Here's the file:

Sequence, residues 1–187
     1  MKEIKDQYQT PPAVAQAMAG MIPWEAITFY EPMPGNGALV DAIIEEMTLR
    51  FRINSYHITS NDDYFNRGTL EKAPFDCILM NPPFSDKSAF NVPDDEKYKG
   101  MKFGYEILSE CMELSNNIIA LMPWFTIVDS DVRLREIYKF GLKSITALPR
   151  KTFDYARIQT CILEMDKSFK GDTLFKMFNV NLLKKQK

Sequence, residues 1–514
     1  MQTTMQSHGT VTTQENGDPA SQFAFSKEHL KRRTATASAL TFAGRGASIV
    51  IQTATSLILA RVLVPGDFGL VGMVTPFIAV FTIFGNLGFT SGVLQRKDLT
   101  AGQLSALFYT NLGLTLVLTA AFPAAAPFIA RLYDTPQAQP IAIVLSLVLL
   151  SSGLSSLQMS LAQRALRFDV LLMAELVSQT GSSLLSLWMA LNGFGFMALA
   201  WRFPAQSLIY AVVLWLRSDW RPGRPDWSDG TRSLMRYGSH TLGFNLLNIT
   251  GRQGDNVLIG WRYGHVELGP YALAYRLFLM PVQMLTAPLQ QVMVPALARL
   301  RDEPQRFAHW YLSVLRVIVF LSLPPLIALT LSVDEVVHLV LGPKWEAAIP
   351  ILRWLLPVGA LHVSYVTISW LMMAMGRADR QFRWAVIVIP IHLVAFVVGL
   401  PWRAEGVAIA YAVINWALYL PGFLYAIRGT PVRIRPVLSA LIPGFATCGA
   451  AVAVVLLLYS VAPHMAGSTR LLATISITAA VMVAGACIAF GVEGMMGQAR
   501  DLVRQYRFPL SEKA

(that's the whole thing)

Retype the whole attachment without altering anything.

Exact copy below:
Sequence, residues 1–187
     1  MKEIKDQYQT PPAVAQAMAG MIPWEAITFY EPMPGNGALV DAIIEEMTLR
    51  FRINSYHITS NDDYFNRGTL EKAPFDCILM NPPFSDKSAF NVPDDEKYKG
   101  MKFGYEILSE CMELSNNIIA LMPWFTIVDS DVRLREIYKF GLKSITALPR
   151  KTFDYARIQT CILEMDKSFK GDTLFKMFNV NLLKKQK

Sequence, residues 1–514
     1  MQTTMQSHGT VTTQENGDPA SQFAFSKEHL KRRTATASAL TFAGRGASIV
    51  IQTATSLILA RVLVPGDFGL VGMVTPFIAV FTIFGNLGFT SGVLQRKDLT
   101  AGQLSALFYT NLGLTLVLTA AFPAAAPFIA RLYDTPQAQP IAIVLSLVLL
   151  SSGLSSLQMS LAQRALRFDV LLMAELVSQT GSSLLSLWMA LNGFGFMALA
   201  WRFPAQSLIY AVVLWLRSDW RPGRPDWSDG TRSLMRYGSH TLGFNLLNIT
   251  GRQGDNVLIG WRYGHVELGP YALAYRLFLM PVQMLTAPLQ QVMVPALARL
   301  RDEPQRFAHW YLSVLRVIVF LSLPPLIALT LSVDEVVHLV LGPKWEAAIP
   351  ILRWLLPVGA LHVSYVTISW LMMAMGRADR QFRWAVIVIP IHLVAFVVGL
   401  PWRAEGVAIA YAVINWALYL PGFLYAIRGT PVRIRPVLSA LIPGFATCGA
   451  AVAVVLLLYS VAPHMAGSTR LLATISITAA VMVAGACIAF GVEGMMGQAR
   501  DLVRQYRFPL SEKA